Because Whatcom County has proven it does not have needed revenues to enforce speed limits the way the excellent Blaine police department enforces their posted 25 m.p.h. portion of the proposed new scenic byway, our new chapter 11 plan wording must include installation of automatic photo radar, for mailed speeding tickets, to provide county law enforcement with new revenues. In national statistics, the equipment pays for itself fast. Dead motorcycle racers on Chuckanut Drive will stop. 80 mph drag racers on Birch Bay Drive at midnight will stop. 75 mph cars seen passing on curves on the Mt. Baker scenic byway will not occur for long on our proposed, third new Whatcom County national scenic byway. And, our sheriff will have the money to pay deputies sitting at their desks, while they phone speeders to ask: “Pay the speeding ticket mailed to you or go to jail. Which do you prefer, today?”
Dennis B. Dickey
On behalf of Blaine middle school I would like to thank Mr. Kolbert of Farmers Insurance of Bellingham for his generous grant in the amount of $500. Your commitment to helping our students thrive in our community is sincerely appreciated. Each year Blaine middle school continues to advance its mission of having students strive towards our student-created school motto: “Proudly United in Learning and Leadership” which emphasizes the importance of being both a “learner and a leader.” The goal of the Blaine middle school is to continue to make a difference in the lives of our students. Thanks again for your generous support of our students.
Principal Blaine middle
I read with great interest the article regarding a proposed “Scenic Byway through Blaine-Birch Bay-Mt Baker, etc. As neat as that sounds, I wonder if anyone on the committee has considered how the folks who live along those routes will feel about the increased traffic either behind or in front of their homes.
Our home backs up to Drayton Harbor and since the road has been re-opened traffic has increased 10-fold. When we moved here in 2005, I knew the road would eventually re-open and traffic would increase, but if I thought at some point this road would turn into a scenic highway, I doubt we would have purchased this particular house. If this does go through, our property values, plus everyone who lives along the proposed route will be affected in a negative matter.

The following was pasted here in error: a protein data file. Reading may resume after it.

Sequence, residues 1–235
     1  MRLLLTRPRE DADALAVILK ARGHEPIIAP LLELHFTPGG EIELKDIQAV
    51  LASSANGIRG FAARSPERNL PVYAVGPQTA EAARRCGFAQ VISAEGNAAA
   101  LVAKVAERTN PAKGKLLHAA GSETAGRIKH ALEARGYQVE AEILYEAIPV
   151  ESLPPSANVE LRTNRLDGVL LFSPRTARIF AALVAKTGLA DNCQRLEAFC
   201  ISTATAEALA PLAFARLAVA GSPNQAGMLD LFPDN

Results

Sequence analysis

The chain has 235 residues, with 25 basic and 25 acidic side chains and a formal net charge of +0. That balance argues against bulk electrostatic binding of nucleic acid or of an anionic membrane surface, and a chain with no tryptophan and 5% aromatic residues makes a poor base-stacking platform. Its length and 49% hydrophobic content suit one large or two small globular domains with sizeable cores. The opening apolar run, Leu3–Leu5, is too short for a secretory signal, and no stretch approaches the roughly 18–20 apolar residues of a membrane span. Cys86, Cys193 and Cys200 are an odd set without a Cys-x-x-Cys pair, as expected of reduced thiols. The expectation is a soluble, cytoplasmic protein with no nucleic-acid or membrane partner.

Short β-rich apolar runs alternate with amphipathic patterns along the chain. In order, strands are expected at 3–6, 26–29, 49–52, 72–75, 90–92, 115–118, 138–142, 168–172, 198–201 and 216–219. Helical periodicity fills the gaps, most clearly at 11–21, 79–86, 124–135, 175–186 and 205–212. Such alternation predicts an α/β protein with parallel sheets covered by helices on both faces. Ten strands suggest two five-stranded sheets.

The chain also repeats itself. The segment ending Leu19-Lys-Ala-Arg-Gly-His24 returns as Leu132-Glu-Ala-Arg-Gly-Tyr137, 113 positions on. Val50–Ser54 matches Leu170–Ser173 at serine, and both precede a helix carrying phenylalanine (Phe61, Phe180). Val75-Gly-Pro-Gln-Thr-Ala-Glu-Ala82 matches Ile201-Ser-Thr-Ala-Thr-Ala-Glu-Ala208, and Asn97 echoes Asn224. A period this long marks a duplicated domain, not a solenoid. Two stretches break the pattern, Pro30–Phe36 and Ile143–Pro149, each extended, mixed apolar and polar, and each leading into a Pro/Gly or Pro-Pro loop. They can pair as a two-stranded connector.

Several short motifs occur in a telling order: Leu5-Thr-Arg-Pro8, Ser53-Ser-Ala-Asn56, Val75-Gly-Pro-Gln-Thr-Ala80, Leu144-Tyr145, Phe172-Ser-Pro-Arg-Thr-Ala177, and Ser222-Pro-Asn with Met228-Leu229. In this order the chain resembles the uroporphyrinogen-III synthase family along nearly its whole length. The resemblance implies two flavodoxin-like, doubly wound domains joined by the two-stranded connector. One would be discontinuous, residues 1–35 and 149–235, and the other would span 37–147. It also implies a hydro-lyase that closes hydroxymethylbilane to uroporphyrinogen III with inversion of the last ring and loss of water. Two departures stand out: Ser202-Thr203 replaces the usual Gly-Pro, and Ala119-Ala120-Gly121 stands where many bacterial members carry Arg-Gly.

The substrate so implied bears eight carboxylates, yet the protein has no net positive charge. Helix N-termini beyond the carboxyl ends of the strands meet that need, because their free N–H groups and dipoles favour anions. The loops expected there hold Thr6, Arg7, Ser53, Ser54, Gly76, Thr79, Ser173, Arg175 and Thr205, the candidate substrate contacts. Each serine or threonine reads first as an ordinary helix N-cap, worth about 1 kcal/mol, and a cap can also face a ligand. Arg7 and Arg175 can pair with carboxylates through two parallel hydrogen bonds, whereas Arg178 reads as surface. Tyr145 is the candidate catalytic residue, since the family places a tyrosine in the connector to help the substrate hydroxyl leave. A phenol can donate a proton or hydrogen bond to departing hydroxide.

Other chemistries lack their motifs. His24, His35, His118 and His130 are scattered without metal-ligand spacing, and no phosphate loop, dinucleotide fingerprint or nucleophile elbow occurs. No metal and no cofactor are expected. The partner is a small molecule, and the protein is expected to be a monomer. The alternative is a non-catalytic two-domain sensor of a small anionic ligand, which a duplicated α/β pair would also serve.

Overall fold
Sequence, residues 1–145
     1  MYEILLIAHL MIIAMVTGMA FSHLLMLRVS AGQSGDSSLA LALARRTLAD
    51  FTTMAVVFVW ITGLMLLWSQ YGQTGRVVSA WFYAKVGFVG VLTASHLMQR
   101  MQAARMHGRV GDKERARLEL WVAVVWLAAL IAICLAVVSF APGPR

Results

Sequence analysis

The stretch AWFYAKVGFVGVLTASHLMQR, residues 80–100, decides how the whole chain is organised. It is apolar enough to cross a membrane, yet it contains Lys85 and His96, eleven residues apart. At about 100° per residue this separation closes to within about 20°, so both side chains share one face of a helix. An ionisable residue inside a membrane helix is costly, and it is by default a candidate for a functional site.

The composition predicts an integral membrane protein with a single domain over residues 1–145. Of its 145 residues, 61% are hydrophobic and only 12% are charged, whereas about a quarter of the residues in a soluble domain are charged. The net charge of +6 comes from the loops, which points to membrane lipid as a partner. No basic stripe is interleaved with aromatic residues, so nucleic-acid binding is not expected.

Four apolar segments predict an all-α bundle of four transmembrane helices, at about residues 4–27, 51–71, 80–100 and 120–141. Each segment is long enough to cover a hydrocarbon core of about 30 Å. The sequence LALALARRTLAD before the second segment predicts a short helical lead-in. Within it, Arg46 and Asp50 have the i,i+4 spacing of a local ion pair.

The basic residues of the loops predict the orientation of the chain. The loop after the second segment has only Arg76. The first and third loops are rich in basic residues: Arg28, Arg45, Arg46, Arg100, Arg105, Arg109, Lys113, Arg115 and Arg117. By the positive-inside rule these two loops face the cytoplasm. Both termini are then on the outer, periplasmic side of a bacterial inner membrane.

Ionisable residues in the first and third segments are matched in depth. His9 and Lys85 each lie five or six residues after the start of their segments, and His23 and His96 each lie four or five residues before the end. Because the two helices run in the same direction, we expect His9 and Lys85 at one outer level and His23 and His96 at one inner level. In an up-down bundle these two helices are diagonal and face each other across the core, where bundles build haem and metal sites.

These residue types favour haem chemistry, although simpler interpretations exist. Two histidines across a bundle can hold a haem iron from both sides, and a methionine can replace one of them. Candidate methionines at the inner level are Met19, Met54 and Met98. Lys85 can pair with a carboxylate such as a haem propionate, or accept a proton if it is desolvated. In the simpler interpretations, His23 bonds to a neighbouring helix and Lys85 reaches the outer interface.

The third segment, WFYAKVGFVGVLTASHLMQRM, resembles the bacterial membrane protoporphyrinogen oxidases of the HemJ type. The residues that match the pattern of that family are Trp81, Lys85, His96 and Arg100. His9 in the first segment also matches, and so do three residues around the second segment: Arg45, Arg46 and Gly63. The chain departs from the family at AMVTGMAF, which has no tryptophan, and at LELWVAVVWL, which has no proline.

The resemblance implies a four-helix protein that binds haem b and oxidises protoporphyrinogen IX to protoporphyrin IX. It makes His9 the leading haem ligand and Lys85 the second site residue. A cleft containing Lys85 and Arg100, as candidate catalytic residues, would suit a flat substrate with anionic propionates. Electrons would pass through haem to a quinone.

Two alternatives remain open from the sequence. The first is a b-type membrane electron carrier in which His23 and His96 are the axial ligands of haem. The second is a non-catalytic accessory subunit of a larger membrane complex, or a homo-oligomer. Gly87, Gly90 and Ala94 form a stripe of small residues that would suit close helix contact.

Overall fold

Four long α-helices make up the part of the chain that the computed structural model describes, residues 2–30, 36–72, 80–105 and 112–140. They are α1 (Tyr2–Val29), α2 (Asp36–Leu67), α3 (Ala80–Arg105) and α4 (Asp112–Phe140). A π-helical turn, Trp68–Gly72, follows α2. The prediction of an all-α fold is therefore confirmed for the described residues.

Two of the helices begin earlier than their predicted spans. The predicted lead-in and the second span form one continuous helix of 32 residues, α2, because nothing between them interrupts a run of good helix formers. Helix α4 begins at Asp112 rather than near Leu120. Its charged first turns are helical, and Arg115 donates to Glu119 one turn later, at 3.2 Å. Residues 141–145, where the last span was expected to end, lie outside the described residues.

The Northern Light welcomes letters to the editor; however, the opinions expressed are not those of the editor. Letters must include name, address and daytime telephone number for verification. Letters must not exceed 350 words and may be edited or rejected for reasons of legality, length and good taste. Thank-you letters should be limited to 10 names. A fresh viewpoint on matters of general interest to local readers will increase the likelihood of publication. Writers should avoid personal invective. Unsigned letters will not be accepted for publication. Requests for withholding names will be considered on an individual basis. Only one letter per month from an individual correspondent will be published.
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The Northern Light welcomes letters to the editor; however, the opinions expressed are not those of the editor. Letters must include name, address and daytime telephone number for verification. Letters must not exceed 350 words and may be edited or rejected for reasons of legality, length and good taste. Thank you letters are limited to five individuals or groups. A fresh viewpoint on matters of general interest to local readers will increase the likelihood of publication. Writers should avoid personal invective. Unsigned letters will not be accepted for publication. Requests for withholding names will be considered on an individual basis. Only one letter per month from an individual correspondent will be published.